Section 69 of the Crimes Act says culpable homicide that might otherwise be murder may be reduced to manslaughter "if the person who caused the death did so under provocation".
It is an archaic part of the law that unconscionably turns the victims of society's most serious crime into victims for a second time as their reputations are sullied by the people who killed them.
The leader writer then lauds Justice Minister Simon Power for going where Labour was not bold enough to go after the latest Law Commission recommendation of two years ago:
So it is good news that Justice Minister Simon Power will reform this part of the law, something Labour failed to do two years ago. The minister says: "I do not believe this defence has any place on the statute books. It wrongly enables defendants to besmirch the character of victims and effectively rewards a lack of self-control."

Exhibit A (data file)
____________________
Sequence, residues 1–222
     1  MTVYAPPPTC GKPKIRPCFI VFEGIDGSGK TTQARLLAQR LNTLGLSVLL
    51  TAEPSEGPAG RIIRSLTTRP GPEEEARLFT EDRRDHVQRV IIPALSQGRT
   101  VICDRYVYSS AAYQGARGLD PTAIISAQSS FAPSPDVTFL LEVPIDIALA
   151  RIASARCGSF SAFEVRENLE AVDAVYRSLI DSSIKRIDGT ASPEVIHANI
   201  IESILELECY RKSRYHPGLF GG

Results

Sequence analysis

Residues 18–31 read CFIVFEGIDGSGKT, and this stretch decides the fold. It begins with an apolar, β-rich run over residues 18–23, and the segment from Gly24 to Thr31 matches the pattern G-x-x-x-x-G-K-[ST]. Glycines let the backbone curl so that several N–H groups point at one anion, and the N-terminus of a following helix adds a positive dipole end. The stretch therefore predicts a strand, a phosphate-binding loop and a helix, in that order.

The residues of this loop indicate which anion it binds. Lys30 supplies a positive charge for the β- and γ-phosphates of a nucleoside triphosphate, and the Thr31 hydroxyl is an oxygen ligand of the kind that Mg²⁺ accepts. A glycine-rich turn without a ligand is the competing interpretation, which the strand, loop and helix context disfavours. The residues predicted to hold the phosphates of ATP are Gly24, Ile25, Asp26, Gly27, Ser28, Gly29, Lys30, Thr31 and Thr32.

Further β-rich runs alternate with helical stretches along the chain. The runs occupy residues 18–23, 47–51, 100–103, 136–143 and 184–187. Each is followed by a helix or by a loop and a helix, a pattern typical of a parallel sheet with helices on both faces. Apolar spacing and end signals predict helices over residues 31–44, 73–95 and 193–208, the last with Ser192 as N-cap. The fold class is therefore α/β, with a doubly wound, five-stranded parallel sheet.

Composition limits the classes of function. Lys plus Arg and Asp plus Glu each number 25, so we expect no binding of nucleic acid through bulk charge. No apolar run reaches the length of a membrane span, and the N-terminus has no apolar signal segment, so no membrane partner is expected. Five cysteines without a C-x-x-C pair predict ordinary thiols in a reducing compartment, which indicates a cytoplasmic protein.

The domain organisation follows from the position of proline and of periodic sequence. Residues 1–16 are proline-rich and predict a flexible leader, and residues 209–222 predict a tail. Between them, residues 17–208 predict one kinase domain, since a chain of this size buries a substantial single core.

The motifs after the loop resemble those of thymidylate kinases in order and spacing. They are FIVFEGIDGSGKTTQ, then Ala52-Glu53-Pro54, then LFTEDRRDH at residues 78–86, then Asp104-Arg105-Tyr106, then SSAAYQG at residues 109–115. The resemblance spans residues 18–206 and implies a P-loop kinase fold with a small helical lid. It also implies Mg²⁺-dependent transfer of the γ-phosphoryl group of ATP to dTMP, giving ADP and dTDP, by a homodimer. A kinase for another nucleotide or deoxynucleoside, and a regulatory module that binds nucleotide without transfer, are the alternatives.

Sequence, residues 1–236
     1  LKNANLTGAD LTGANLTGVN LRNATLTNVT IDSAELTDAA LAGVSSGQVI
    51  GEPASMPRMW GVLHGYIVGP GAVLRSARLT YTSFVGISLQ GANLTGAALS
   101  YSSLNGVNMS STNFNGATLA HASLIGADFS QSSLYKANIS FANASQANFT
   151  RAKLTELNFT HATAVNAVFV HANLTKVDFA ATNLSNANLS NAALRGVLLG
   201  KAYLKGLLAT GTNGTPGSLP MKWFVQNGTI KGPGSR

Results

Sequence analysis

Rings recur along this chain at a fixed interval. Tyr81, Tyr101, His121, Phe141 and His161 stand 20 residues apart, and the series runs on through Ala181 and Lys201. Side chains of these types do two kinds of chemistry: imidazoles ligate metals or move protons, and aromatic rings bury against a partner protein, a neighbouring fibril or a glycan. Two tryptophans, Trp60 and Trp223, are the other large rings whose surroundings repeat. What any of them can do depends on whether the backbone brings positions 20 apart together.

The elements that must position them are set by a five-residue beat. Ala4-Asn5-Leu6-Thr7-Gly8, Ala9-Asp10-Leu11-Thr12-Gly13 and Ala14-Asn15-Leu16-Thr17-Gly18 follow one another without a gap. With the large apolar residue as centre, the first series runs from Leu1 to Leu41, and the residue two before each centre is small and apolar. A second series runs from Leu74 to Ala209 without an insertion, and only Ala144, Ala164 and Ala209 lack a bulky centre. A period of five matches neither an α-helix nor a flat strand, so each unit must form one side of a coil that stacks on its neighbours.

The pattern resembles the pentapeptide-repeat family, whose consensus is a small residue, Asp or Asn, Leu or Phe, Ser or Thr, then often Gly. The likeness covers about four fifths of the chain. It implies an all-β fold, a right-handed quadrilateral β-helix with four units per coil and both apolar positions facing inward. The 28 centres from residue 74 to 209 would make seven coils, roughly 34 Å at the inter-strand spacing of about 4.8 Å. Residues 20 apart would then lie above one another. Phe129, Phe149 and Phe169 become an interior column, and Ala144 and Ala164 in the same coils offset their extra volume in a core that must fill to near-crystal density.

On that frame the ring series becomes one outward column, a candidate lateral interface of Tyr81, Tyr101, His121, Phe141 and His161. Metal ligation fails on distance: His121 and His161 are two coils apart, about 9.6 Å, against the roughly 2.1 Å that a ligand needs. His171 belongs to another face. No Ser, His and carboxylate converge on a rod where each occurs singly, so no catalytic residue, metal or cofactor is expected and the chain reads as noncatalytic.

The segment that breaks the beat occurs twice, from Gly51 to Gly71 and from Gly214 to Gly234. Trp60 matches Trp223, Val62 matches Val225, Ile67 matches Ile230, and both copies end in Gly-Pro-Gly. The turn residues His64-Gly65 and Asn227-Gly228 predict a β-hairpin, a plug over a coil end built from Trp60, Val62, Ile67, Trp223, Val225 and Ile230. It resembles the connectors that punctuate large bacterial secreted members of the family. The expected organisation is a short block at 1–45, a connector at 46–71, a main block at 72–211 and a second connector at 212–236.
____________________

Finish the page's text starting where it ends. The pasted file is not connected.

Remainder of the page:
Mr Power must be careful: he risks becoming the new century's Ralph Hanan, a reforming National justice minister who, with a far-sighted justice secretary, modernised much criminal procedure in the 1960s. The jury is still out on that. But Mr Power is showing considerable political courage in a sphere imbued with tradition and expense.
Inevitably, there will be claims that Power is reacting to the saturation coverage of the Weatherston murder trial. That's probably, in our humble and considered opinion, a reflection of our cynicism towards politicians of all hues. But we agree totally with the writer's criticism of the former government, which was twice advised that a law change should be considered. On the second occasion, there wasn't even a Cabinet paper prepared.
It was galling to see Liane Dalziel try to introduce a Member's Bill yesterday, and we were delighted that the Government refused leave. Dalziel and her colleague Charles Chauvel had nine years to propose a law change when Labour was in government. We believe that it is entirely appropriate that the Government drives this small but important law change, not yesterday's people.